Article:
The Last Warlord by Brian Glyn Williams PhD
The Life and Legend of Dostum, the Afghan Warrior Who Led US Special Forces to Topple the Taliban Regime

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Williams takes the hagiographic route, but Dostum’s story of never-ending battles, assassination attempts, and alliances forming and breaking in the blink of an eye is fascinating, whether he is regarded as hero or villain.
-Publishers Weekly

Synopsis

Chronicling the spectacular rise to power of General Abdul Rashid Dostum, this is an intimate profile of the one of the most powerful warlords to have dominated Afghanistan in the years since the Soviet withdrawal in the late 1980s. His rise from simple peasant villager to warrior against the repressive policies of the Taliban and Al Qaeda is told by one of the few outsiders to be accepted into Dostum’s stronghold in the northern deserts of Afghanistan. Thanks to this unprecedented access, author Brian Glyn Williams was able to conduct lengthy interviews with Dostum and his family, as well as his subcommanders, local chieftains, mullahs, Taliban enemies, prisoners of war, and women’s rights activists. What emerges is an intensely personal account of the Mongol warlord, detailing his childhood, motivations, hopes for his country, and conviction that it is time for a new generation of Western-trained technocrats to shape his country’s destiny. With the drawing down of U.S. troops in 2014 and Dostum poised to reenter the world stage to fight a resurgent Taliban, this timely analysis provides important historical context to the controversy swirling around Afghanistan’s warlord culture and is an essential contribution to the debate on Afghanistan’s future.

The Last Warlord tells the spellbinding story of the legendary Afghan warlord Abdul Rashid Dostum, a larger-than-life figure who guided US Special Forces to victory over the Taliban after 9/11. Having gained unprecedented access to General Dostum and his family and subcommanders, as well as local chieftains, mullahs, elders, Taliban prisoners, and women’s rights activists, scholar Brian Glyn Williams paints a fascinating portrait of this Northern Alliance Uzbek commander who has been shrouded in mystery and contradicting hearsay. In contrast to sensational media accounts that have mythologized the “bear of a man with a gruff laugh” who “some Uzbeks swear, has on occasion frightened people to death,” Williams carefully chronicles Dostum’s rise from peasant villager to Uzbek leader and skilled strategist who has fought a long and bitter war against the Taliban and Al Qaeda fanatics that have sought to repress his people. Also revealed is Dostum’s surprising history as a defender of women’s rights and religious moderation.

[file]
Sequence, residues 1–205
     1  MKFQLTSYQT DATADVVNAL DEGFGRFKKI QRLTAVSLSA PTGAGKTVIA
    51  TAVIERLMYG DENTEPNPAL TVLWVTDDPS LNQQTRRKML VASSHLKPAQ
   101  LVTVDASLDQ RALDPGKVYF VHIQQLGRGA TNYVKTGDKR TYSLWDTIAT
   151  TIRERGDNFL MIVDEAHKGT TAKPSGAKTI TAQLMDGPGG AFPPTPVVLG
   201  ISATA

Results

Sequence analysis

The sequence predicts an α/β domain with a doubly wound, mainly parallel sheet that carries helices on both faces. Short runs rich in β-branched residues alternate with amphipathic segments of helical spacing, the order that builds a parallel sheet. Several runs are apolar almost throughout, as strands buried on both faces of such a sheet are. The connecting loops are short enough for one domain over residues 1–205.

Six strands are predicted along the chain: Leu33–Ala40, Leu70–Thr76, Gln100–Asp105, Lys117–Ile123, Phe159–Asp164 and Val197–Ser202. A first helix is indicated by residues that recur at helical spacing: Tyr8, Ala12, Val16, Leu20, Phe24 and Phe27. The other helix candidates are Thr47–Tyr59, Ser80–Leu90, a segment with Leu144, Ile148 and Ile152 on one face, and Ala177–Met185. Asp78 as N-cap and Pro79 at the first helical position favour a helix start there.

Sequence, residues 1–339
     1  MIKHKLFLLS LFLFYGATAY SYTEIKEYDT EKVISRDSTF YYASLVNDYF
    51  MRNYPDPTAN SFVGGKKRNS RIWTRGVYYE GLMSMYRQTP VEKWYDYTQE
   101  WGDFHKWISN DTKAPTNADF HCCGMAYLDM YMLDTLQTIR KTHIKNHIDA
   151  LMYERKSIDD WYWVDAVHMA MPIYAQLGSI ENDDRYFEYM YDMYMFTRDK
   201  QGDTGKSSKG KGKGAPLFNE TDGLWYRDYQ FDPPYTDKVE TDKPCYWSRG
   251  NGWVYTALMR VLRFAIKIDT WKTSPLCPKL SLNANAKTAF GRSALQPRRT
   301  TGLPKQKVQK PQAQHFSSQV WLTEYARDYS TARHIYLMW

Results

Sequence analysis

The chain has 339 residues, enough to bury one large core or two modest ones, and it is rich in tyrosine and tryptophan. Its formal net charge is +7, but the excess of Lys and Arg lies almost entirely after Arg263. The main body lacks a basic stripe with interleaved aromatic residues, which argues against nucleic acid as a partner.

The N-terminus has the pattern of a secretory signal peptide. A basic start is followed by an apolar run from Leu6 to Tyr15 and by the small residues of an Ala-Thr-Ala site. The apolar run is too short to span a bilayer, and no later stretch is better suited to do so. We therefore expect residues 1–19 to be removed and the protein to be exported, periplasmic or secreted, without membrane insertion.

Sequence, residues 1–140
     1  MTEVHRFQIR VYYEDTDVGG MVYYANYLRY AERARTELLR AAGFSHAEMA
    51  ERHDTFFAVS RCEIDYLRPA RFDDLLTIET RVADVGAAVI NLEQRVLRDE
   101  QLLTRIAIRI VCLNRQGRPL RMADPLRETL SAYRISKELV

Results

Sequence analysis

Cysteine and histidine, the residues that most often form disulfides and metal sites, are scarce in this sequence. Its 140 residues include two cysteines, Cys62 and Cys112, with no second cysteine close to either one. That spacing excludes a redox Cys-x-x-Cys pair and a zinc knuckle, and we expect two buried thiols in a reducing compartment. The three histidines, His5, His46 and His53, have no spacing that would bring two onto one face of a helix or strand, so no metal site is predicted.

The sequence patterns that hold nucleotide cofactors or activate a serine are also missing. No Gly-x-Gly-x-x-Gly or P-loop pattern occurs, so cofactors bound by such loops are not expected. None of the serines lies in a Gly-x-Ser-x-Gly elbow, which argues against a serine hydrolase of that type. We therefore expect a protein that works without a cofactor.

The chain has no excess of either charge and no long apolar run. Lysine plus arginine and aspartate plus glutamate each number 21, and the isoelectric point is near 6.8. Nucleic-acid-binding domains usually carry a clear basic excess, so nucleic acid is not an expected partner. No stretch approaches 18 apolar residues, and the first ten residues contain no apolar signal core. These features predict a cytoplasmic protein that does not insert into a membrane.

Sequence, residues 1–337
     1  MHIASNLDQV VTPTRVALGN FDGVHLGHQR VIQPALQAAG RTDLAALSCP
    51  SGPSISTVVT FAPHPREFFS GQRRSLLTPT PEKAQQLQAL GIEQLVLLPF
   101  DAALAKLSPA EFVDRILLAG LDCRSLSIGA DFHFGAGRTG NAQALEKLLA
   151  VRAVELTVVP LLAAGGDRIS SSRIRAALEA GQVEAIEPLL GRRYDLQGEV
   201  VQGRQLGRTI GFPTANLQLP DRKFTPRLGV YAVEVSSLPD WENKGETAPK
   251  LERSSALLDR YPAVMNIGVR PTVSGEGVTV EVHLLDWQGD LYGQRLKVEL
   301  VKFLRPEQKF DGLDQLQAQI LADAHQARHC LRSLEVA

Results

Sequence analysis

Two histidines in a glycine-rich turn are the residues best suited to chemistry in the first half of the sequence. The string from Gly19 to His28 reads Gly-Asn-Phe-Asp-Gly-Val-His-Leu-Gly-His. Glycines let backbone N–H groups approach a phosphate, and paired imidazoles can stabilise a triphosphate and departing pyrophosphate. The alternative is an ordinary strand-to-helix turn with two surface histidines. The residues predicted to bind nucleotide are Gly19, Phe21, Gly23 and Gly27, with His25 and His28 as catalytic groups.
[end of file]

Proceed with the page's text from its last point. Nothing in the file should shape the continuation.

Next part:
In riveting detail The Last Warlord spotlights the crucial Afghan contribution to Operation Enduring Freedom: how the CIA contacted the mysterious warrior Dostum to help US Special Forces wage a covert war in the mountains of Afghanistan, how respect and even friendship quickly grew between the Afghan and American fighting men, and how Dostum led his nomadic people charging into war the same way his ancestors had—on horseback. The result was one of the most decisive campaigns in the entire war on terror. The Last Warlord shows that, far from serving as an exotic backdrop for American heroics, it was these horse-mounted descendents of the Mongol warrior Genghis Khan that allowed the American military to overthrow the Taliban regime in a matter of weeks.

            With the United States drawing down troops in 2014 and Dostum poised to re-enter the world stage to fight a resurgent Taliban, The Last Warlord is vital to understanding Afghanistan’s warlord culture and how it factors into Afghanistan’s past and future.

 

About Brian Glyn Williams PhD

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Brian Glyn Williams is a professor of Islamic History at the University of Massachusetts-Dartmouth and the author of Afghanistan Declassified: A Guide to America's Longest War. He has worked for the US Central Intelligence Agency tracking sucide bombers in Afghanistan.
 
Published September 1, 2013 by Chicago Review Press. 372 pages
Genres: Biographies & Memoirs, History, Political & Social Sciences, Travel, War. Non-fiction
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on Jul 22 2013

Williams takes the hagiographic route, but Dostum’s story of never-ending battles, assassination attempts, and alliances forming and breaking in the blink of an eye is fascinating, whether he is regarded as hero or villain.

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